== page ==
*This briefing is based on data produced in August 2021. It accompanies our joint briefing with Boehringer Ingelheim which explores ten radical actions needed to tackle the waiting list inclusively.
Waiting for elective care during the pandemic: what the data tell us
The impact of the pandemic on waiting lists has been widely reported with varying degrees of accuracy. The number of people waiting has grown to record levels, with 5.45 million people already on the waiting list by June 2020, many of whom had already waited for unacceptably long periods.
The referral-to-treatment time (RTT) dataset tells us much more than just the headlines we see reported each month. The data show variation across the country, with marked differences between geographies and specialties. We can also gain some insight into how the pandemic has affected different populations, and what we should do to respond.
- New periods – those joining the queue
- Incomplete waiting times – those currently waiting, i.e. those whose pathways are incomplete
- Admitted pathways – those whose waiting has ended and whose treatment has begun by means of admission to inpatient care
- Non-admitted pathways – those whose waiting has ended for reasons other than admission, so largely outpatients plus people who have chosen not to proceed with admitted care.
The impact of the pandemic on waiting times
It is always essential to have an accurate understanding of the problem before attempting to identify solutions.
Figure A below shows how the different waiting metrics have changed since the pandemic began, compared to a baseline year of 2019.
Figure A. National picture – impact of COVID-19
We see typical seasonal variation in activity with the volume of admitted and non-admitted completed pathways falling during the summer and end-of-year festivities. Crucially, we also see signs of demand outstripping supply, with 4.17 million pathways waiting at the beginning of 2019 rising to 4.42 million at the end of that year.
There were unprecedented changes in waiting time patterns from 2020, directly attributable to the pandemic.
We see how admissions plummeted from normal levels of around 300,000 per month down to a low of 41,000 in April 2020. Completed non-admitted pathways also dropped significantly during the peak of the first wave to below half what we would normally expect. While activity levels improve significantly towards the end of 2020, in no small part due to the heroic efforts by NHS staff throughout the country to adapt to challenging working practices, activity levels remained well below what we would normally expect for the rest of 2020.
Despite the unprecedented disruption in levels of activity, we did not see a proportionate rise in the official number of people waiting during 2020. Across the year, the waiting list increased by just over 100,000 to 4.52 million. The key to understanding this outcome becomes obvious when looking at the number of people joining the queue. The slump in the number of new periods across 2020 effectively balanced out the fall in activity.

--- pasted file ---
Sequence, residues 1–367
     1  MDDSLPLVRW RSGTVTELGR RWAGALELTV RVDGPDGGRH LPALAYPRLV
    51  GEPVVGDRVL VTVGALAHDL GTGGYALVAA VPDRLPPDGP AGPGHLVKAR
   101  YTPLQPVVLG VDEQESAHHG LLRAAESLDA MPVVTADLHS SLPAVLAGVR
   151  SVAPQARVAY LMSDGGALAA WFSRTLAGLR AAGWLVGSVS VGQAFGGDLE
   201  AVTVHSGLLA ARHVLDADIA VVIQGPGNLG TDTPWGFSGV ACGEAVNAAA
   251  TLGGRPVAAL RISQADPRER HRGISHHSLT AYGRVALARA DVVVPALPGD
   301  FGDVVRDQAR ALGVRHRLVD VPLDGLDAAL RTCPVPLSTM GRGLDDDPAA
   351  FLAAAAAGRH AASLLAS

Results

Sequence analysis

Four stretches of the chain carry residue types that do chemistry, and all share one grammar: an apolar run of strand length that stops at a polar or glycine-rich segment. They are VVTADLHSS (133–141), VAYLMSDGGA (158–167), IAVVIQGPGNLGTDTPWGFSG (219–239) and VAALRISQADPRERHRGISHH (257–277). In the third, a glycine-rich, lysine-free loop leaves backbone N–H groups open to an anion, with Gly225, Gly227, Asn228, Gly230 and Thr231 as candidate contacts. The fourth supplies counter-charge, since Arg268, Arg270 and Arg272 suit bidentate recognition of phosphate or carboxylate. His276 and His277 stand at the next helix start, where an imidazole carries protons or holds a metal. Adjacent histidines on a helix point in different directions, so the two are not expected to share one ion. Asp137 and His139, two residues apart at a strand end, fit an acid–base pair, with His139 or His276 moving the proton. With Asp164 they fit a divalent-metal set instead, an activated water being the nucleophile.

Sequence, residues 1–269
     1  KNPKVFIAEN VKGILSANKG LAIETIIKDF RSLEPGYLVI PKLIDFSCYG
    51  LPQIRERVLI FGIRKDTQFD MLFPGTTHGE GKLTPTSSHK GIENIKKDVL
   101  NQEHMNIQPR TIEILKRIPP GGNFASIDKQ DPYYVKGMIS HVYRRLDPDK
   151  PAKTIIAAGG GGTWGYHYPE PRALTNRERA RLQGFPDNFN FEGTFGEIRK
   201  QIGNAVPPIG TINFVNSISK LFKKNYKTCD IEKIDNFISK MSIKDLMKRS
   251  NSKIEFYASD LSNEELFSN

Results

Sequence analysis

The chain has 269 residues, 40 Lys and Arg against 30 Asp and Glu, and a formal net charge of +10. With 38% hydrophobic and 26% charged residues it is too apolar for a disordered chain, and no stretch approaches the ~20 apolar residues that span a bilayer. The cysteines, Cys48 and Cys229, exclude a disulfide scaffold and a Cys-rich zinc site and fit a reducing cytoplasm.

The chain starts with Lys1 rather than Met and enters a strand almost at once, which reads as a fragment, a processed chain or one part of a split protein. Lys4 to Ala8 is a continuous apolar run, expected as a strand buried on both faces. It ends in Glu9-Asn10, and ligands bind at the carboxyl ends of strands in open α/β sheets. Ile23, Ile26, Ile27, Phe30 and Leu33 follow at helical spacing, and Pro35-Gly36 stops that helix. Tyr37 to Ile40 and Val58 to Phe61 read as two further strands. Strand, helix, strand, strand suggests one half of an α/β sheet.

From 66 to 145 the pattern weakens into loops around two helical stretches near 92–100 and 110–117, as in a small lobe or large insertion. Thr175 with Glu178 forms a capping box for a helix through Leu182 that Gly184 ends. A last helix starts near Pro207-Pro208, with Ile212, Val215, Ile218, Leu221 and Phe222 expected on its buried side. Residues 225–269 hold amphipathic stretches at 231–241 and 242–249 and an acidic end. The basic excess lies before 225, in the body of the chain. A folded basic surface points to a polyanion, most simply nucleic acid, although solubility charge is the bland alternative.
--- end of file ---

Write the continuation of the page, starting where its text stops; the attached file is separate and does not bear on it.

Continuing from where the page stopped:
We see a new chapter unfold with data covering the first half of 2021. Admitted activity levels have gradually recovered, and although slightly short of 2019’s numbers, we have reached similar levels. Non-admitted pathways, less encumbered to some degree by requirements for social distancing and infection control when a significant proportion of consultations can take place remotely, are even closer to pre-pandemic levels.
We also see new periods return to normal levels, and because the number of new referrals is so significant, that explains the rise in the waiting list of over 1 million pathways since the end of 2020.
In total, since January 2020, we have seen:
- 3,396,139 completed admitted pathways: 1,900,105 fewer than expected (-36%)
- 15,435,612 completed non-admitted pathways: 4,181,914 fewer than expected (-21%)
- 22,988,778 new RTT pathways: 7,420,125 fewer than expected (-24%)
Variation across the country
The box plots in Figure B below show how waiting times vary across the country with each dot representing an individual integrated care system (ICS). A position above the 0 per cent horizontal axis shows an ICS with greater activity than in 2019. Conversely, any respective measure that has stepped back is positioned below the axis.
Figure B. Change by ICS compared to 2019
Strikingly, we see some ICSs with considerably higher levels of activity than in 2019, but the majority with notably lower levels of admissions. We see similar variation across other metrics, i.e. completed non-admitted pathways, new starts and the total waiting list.
Clearly, local levels of COVID-19 are a significant component in local variation, but it is also notable that some ICSs stand out that have both high levels of relative activity, and lower overall waiting lists. More research could be done to examine which approaches work most effectively, and we explore lessons and recommendations about how to reform our approach to waiting later in this paper.
The missing waiting list
As shown above, there is a shortfall of 7.42 million new periods compared to what we would have expected since the beginning of 2020. This one of these is a patient journey by someone, who were it not for the pandemic, would likely have sought care during the past 18 months – the ‘missing’ waiting list. Many of these will be for conditions that deteriorate over time and have a significant day-to-day impact on patients’ ability to go about normal life.